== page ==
9. I am in my mid-20s and still almost exclusively reading YA. I find this type of lit so compelling, especially since I am a librarian serving this age group. The teens at my library are going through so much at their age, and I read a lot of these books hoping to keep my mind and my heart on what they are experiencing. Teen lit helps me do my job better.
    I also just love it.

  10. I’m in the same age range as you (30 is looming closer and closer) and every time I get asked why I read so much YA I tell people that YA is written to be engaging and to make people love reading. While I will read just about any genre, I find that at times adult fiction can try to hard to be “literary”. Sometimes I just want to lose myself in a story for the sake of a story. And YA stories can be the best for that.

  11. My mom loves me dearly but she totally doesn’t understand why I read YA (which she stubbornly insists on calling “children’s books”) and often doesn’t believe me when I tell her whatever weird fantasy premise I’m reading is actually a book for adults.

    That said, I think one of the reasons I read YA more than anything else is because there is more immediacy in YA. The novels move faster, the endings are less subtle and–depending on the books you read–the people aren’t so horrible. All of that appeals to me.

    I have been wanting to read more adult books lately, I think because many of my favorite YA authors are publishing adult titles but I expect I’ll still be left wanting more from the ones I pick up.

  12. I’m not too far past the age of most of the characters in YA books (I’m only 22) but I do find myself having a hard time relating to them sometimes. You’re only 16, do you REALLY know what it is to fully love someone else? I know I didn’t. But I still love reading YA. It’s something that I read all through high school and I just kept reading it through college. I do feel like I’ve matured A LOT since high school, but I also still feel like I’m 16, you know? I have to think every time I tell someone my age because I don’t FEEL as “old” as I am. I think a lot of people still feel like they’re that young at heart and I think that’s something that draws adults to YA.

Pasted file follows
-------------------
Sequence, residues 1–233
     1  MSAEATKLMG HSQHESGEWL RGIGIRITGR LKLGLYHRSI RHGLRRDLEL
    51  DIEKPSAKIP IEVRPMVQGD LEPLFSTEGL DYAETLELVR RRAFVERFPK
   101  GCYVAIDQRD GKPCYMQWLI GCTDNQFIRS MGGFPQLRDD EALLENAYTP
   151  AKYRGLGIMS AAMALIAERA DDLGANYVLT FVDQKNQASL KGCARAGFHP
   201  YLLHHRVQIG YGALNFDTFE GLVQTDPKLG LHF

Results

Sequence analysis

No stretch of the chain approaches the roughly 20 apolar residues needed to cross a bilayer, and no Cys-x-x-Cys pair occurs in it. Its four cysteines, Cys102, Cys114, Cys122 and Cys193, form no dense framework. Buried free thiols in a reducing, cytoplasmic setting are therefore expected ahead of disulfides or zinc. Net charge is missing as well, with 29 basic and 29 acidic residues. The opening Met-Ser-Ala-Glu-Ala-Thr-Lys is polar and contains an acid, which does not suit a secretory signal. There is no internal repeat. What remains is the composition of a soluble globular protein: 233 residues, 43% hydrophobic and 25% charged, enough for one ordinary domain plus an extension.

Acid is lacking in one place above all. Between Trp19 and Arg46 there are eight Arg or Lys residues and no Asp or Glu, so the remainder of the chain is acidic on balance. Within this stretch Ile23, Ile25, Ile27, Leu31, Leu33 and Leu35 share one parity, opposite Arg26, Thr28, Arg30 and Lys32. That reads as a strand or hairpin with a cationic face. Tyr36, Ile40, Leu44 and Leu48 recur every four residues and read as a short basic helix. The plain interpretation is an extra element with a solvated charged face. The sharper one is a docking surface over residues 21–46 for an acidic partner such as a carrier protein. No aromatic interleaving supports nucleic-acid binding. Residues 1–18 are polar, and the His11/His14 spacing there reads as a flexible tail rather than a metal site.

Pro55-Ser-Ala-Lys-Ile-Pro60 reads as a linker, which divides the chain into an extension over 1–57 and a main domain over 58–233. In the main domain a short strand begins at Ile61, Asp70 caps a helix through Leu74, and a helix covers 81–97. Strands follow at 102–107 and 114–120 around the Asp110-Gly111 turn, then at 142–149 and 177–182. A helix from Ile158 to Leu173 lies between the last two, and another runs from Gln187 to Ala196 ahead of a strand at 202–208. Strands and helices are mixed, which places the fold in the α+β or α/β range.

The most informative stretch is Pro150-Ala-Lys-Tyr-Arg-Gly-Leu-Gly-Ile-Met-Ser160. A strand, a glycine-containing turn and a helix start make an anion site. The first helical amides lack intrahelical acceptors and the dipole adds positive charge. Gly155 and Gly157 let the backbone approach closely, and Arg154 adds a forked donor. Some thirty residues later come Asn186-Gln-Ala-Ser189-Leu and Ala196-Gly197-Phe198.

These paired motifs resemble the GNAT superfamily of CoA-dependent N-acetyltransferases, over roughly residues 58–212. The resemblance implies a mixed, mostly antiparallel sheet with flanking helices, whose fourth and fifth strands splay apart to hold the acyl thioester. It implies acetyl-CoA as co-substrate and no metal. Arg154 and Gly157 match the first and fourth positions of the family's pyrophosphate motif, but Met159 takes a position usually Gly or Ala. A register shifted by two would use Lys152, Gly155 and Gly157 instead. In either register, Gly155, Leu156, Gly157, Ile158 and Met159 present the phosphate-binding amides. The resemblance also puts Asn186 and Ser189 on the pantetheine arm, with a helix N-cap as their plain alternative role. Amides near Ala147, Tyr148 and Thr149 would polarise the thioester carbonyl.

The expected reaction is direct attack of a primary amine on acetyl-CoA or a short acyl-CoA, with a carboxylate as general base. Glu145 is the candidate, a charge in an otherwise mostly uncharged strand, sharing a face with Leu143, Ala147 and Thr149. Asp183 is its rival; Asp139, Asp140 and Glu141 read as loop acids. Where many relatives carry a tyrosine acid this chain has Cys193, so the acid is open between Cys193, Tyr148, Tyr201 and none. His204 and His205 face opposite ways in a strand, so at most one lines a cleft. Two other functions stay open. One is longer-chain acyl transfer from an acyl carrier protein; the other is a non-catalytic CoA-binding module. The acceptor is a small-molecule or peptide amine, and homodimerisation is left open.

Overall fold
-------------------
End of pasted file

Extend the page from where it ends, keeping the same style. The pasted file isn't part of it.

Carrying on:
Another thing I’ve noticed is that while some YA still deals with hard and darker issues, the content is usually more “appropriate” than I’ve found when I’ve tried to read adult literature. I’ve tried to branch out, but I don’t like reading things with a lot of language or sexual content and so I’ve found myself setting aside more adult books because of that.

  13. Jamie, we are so on the same page about this right now. I still have people in my life who are a) shocked that I love reading YA b) shocked that I spend an inordinate amount of time talking about YA and books in general c) laugh at me because of it. Most of it has to do with my age and the fact that I should be reading adult books (which I do sometimes). I actually had a whole post in mind called “It’s Hard Being An Adult Reading YA, Yo” (for real, that was the title), but I think you got most of the backbone of it down. That the things you learn and do as a high-schooler are things that generally shape your entire life, and the feelings you have are some of the strongest and deepest and most real, and that translates whether you are 20 or 30 or 40.